After Jesus shared the Last Supper with His disciples and Judas left to expose Jesus’ whereabouts to the Sanhedrin; the remaining eleven disciples followed Jesus up the Mount of Olives, where He instructed eight of them to sit at the entrance of the Garden of Gethsemane and pray that they not enter into temptation. Jesus’ inner circle; Peter, James, and John; accompanied Jesus on into the garden.
Before going a short distance ahead to immerse Himself in fervent prayer; Jesus instructed Peter, James, and John to remain where they were, stay awake, and pray. Despite Jesus’ instructions, the three disciples fell fast asleep not just once, but thrice.
Shortly thereafter; Judas arrived on the scene and betrayed Jesus by kissing Him on the cheek. The temple guards arrested Jesus, and the chain of events was rapidly set into motion for His crucifixion.
Fast forward now to our Scripture text; where we find the resurrected Jesus and the disciples gathered, once more, on the Mount of Olives—this time for what is to be Jesus’ final earthly visit with the disciples. You know the disciples cannot help remembering the dramatic events of their previous visit—how they scattered and fled when Jesus was carried away to face, by Himself, the angry mob.
Acts 1:4, 5 (King James Version)
4 And, being assembled together with them, (Jesus) commanded them that they should not depart from Jerusalem, but wait for the promise of the Father, which, saith he, ye have heard of me.
5 For John truly baptized with water; but ye shall be baptized with the Holy Ghost not many days hence.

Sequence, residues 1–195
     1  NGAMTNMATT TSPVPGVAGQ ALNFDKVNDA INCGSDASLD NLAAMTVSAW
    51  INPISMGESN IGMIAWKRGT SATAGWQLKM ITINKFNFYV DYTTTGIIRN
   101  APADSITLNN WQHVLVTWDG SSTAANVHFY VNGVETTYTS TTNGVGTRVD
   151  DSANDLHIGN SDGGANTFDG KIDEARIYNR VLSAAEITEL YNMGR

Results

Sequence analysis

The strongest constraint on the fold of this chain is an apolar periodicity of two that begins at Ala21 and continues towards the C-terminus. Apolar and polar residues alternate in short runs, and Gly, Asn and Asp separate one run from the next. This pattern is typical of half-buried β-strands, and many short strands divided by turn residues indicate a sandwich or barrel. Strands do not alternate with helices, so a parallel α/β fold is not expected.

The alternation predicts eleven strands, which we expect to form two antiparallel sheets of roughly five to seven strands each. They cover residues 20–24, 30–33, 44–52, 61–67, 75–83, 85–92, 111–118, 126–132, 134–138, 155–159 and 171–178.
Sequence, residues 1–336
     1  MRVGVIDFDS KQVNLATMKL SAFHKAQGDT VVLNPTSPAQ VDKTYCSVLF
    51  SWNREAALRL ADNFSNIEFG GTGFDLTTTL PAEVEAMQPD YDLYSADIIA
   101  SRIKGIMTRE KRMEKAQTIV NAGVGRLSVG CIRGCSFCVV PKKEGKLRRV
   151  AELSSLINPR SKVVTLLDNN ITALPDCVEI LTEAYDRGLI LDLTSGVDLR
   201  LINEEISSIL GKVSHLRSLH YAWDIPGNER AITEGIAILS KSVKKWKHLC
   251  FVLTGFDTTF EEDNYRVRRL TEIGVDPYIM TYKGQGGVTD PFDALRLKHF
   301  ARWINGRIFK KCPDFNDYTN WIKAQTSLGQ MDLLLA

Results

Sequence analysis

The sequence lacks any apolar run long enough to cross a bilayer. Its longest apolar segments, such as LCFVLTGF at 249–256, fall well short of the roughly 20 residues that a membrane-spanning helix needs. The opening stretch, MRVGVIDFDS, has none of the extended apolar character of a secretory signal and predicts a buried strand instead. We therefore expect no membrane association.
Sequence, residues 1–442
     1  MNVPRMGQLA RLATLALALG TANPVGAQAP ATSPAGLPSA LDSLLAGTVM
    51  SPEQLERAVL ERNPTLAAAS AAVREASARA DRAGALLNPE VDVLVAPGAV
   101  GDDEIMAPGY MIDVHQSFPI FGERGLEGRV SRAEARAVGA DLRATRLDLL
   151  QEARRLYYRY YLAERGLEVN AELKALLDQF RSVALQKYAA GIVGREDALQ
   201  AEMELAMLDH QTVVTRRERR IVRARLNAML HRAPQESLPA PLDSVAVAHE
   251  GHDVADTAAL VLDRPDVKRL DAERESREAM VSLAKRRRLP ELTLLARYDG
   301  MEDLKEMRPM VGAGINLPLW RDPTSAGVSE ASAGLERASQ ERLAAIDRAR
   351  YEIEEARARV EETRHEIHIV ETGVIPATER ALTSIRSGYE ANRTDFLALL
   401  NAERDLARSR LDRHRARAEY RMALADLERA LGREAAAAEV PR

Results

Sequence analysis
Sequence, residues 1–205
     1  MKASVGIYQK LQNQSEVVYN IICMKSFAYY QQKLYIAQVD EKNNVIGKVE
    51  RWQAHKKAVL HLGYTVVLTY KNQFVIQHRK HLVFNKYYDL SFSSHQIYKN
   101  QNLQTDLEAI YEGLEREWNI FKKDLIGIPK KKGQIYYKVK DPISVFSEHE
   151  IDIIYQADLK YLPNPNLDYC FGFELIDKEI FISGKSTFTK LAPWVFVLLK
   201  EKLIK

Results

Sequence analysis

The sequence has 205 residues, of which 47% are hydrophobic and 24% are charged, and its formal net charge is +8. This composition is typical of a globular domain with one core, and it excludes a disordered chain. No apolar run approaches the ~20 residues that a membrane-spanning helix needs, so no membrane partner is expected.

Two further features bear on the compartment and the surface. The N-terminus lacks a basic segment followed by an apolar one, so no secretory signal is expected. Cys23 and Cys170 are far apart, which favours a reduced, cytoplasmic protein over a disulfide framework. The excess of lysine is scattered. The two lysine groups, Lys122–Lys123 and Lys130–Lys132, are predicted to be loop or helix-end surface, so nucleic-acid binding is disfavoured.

A Gift To Be Shared
Jesus has just stressed the importance to the disciples that they not depart from Jerusalem, but maintain a holding pattern. When they leave the Mount of Olives, they are to reenter the city and wait on the promise of the Father.
What was the promise of the Father? Jesus revealed that the promise of the Father is a coming baptism by the Holy Ghost.
Acts 1:6-8 (King James Version)
6 When they therefore were come together, they asked of him, saying, Lord, wilt thou at this time restore again the kingdom to Israel?
7 And he said unto them, It is not for you to know the times or the seasons, which the Father hath put in his own power.
8 But ye shall receive power, after that the Holy Ghost is come upon you: and ye shall be witnesses unto me both in Jerusalem, and in all Judaea, and in Samaria, and unto the uttermost part of the earth.
The disciples, however, quickly changed the subject—asking Jesus if He, at that time, would restore the kingdom of Israel. Jesus replied that this information is privileged and not for them to know.
Jesus then shifted the conversation back to the subject He originally intended—the Holy Ghost. Jesus explained that the Holy Ghost is coming to empower the disciples that they may be witnesses not just in Jerusalem and Judea, but also Samaria and the far reaches of the world.
Out Of Sight, But Not Out Of Mind
Acts 1:9 (King James Version)
9 And when he had spoken these things, while they beheld, he (Jesus) was taken up; and a cloud received him out of their sight.
After Jesus had spoken to the disciples, He began to rise upward into the air—vanishing into the clouds.
Imagine, if you will, that you had been there, on the Mount of Olives, to witness the ascension of Jesus. After imparting to the disciples their mission; He, without so much as a warning, begins to float into the air and continue rising until the clouds block Him from view.
There you stand—dumbfounded, your mouth hanging open. In an effort to process what just took place, your brain has basically slammed into your skull.
Well, that is exactly how the disciples felt. In shock and awe; they stood there, on the Mount of Olives—lingering, staring into space, and trying to make sense of it all.
Acts 1:10, 11 (King James Version)
10 And while they looked stedfastly toward heaven as he went up, behold, two men stood by them in white apparel;